‘Your daughter loves you and needs you—don’t ever let anyone tell you you’re of secondary importance’

Sacks, a veteran of helping single dads, believes otherwise, “Your daughter loves you and needs you and you are good at raising her – don’t ever let anyone tell you you’re of secondary importance, because you’re not.” Elizabeth Donovan, M.A., writes for Parenting magazine and founded, a site geared to helping parents raise daughters. She recently interviewed me and several single fathers for a new piece on dads & daughters–Single Fathers Raising Daughters: How to build a strong, meaningful relationship. Donovan lists “10 Tips to Strengthen the Daddy/Daughter Relationship.” I thought this one was particularly good:

Be a Steady, Consistent Force. As a single father, you are the “rock’ in your daughter”s life. She will look to you for safety, love, and a sense of how men should treat her. When you say you will put her on restriction or give her a time-out, you must follow through. Never threaten to punish her unless you”re willing to do so. Otherwise, your daughter will learn that she can ‘take advantage” of dad and her behavior will worsen. By providing the right amount of calm and consistency, your daughter will grow to respect you – and herself.

For slightly different reasons, I’ve always thought that the follow-through on consequences is very important for boys, too, and I’ve kept that in mind raising my son who is now (gasp) about to finish 11th grade. Time flies. Donovan writes:

A recent study found a correlation between men daughters chose to date and the relationship they have with their fathers. If a girl”s father is supportive, loving, and respectful, she tends to chose someone who will treat her the same way. Having a father as a positive role model can help daughters feel beautiful, confident, and empowered.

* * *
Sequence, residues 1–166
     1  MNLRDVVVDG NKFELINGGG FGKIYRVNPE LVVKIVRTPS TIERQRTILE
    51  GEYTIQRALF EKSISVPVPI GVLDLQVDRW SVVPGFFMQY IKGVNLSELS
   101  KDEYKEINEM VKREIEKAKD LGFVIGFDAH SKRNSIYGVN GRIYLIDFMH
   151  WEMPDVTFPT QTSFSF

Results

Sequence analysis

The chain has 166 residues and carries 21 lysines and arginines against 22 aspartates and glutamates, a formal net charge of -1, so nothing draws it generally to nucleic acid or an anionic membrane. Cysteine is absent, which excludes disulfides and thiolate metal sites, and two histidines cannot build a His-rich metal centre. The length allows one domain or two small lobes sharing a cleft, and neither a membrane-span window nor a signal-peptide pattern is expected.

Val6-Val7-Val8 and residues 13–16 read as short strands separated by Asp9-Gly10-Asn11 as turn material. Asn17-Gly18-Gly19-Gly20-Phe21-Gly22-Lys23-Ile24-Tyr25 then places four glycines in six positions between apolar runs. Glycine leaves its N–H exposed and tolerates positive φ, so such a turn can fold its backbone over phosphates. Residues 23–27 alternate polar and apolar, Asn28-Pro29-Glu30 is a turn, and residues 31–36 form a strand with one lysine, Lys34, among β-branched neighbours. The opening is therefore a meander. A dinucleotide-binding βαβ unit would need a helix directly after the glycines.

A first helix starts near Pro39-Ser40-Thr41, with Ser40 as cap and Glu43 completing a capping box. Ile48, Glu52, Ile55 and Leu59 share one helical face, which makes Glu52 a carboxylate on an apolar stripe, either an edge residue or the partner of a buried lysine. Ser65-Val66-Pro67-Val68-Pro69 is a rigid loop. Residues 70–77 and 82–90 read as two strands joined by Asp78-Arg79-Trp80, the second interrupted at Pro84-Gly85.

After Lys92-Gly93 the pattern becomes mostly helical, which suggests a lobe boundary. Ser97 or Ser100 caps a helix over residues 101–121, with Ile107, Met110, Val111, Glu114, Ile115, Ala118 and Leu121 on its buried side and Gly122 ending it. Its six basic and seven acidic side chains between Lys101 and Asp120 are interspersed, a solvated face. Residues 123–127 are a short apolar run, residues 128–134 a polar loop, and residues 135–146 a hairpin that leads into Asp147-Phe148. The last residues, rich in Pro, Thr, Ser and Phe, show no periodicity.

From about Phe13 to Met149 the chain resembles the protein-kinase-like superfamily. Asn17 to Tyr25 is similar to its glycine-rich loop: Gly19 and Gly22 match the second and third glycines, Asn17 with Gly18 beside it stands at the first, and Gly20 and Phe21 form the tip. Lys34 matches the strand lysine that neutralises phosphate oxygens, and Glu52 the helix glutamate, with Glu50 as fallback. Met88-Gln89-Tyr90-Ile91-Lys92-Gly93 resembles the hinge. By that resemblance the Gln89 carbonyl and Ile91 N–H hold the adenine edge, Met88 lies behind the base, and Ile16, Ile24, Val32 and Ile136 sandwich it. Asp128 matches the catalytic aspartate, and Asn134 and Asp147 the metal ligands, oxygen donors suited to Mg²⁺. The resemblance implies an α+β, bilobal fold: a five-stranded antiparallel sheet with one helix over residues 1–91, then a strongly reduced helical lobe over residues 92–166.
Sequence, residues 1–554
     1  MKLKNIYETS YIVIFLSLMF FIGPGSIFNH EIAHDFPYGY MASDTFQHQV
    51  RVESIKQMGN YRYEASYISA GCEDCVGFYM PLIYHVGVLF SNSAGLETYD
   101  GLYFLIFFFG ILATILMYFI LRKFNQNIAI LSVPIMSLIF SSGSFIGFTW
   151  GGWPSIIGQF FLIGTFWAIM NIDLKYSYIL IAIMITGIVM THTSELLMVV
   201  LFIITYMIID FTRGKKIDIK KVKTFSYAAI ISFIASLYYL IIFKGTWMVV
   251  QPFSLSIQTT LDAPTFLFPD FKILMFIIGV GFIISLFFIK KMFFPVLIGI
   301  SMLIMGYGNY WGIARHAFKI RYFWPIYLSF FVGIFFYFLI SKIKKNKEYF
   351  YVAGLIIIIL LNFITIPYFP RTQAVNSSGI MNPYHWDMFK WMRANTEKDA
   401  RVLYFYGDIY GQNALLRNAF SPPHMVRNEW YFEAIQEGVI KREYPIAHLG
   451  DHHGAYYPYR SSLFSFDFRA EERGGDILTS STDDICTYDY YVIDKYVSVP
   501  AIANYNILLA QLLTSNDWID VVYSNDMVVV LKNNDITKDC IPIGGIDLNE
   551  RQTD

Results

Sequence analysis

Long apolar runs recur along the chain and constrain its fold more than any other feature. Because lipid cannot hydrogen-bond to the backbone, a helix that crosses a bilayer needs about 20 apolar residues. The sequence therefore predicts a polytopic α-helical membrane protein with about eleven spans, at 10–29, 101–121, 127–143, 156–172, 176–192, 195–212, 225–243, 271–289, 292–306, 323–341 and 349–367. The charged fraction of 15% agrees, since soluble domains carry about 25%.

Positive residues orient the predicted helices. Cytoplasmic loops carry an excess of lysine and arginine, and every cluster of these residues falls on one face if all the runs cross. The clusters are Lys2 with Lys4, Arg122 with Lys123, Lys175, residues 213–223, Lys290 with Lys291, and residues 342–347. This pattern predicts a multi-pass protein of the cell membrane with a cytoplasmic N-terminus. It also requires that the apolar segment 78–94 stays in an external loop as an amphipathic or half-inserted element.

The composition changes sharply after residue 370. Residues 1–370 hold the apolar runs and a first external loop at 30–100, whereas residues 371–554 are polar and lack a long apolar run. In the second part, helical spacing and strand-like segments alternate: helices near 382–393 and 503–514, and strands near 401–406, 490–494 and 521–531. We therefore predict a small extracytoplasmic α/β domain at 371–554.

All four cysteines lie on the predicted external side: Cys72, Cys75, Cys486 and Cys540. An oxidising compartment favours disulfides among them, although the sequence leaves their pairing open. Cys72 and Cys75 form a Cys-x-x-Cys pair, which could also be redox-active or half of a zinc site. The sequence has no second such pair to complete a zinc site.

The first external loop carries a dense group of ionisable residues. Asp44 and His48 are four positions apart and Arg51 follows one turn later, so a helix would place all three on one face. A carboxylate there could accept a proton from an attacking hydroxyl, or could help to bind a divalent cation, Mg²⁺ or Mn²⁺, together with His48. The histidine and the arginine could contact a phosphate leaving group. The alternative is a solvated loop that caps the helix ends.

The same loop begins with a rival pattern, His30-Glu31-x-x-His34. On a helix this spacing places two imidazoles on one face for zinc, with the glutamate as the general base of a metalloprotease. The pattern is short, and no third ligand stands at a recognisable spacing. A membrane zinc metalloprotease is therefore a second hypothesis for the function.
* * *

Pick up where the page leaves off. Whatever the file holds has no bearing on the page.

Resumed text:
That certainly sounds right but I don’t remember that study–does anybody know what she’s referring to? In the article Michael Long, father of a 23-year-old daughter, says that when his daughter was in high school, he knew who all her daughter’s friends were dating. I do that with my son and his friends, too, except that it changes around so quickly that you can’t keep track of the players without a scorecard. Another of the fathers interviewed, Martin Bearg, an attorney and single dad who raised two children, saw his daughter pass away from cancer at age 16. Ouch–I can’t imagine anything worse… The article can be seen here. My answers to Donovan’s questions, some, of which were in the article, are below. Q. How did you connect with your daughter? R. My favorite thing is when I put her to bed, tell her stories and she falls asleep in my arms. For the first nine years of her life, she fell asleep in my arms like that practically every night. That”s less common as she grows up, of course. One challenge is to stop treating her like she”s my little princess and start treating her more like a teen or a young woman. One way we interact in a more adult way is to talk about politics and history, both of which interest her. Apparently she listens and often voices her opinions–last night she told me that in her class they had been talking about the proposed LAUSD teachers” strike, and out of the blue her teacher called on her and asked, “I suppose your father has an opinion about it?’ Q. What is the most difficult part? R. There are certain things which boys and men find attractive in girls/women, things which are hard-wired and won”t change. I don”t want my daughter to ever feel that she isn”t attractive to boys or that she doesn”t have many opportunities to find love and companionship with boys. On the other hand, I don”t want to push her to be something she isn”t, or to make her feel that I want her to change or that she isn”t perfect just as she is (because, of course, she is perfect just as she is). Q. What is the most rewarding part of raising your daughter? R. A friend of mine said “A man never knows what love really is until he has a daughter.’ It”s totally true. The most rewarding part of raising her is just having her love me. For me, there has never been nor will there ever be anything better. Q. What words of advice can you offer other single dads raising a daughter? R. When she”s moody/hormonal/difficult, get in the habit of underreacting. Be a steady, loving father who she knows is always there for her but who also knows when to back off. You are the man in her life and every interaction she has with men throughout her life is going to be colored by her interaction with you. Your daughter loves you and needs you and you are good at raising her–don”t ever let anyone tell you you”re of secondary importance, because you”re not.

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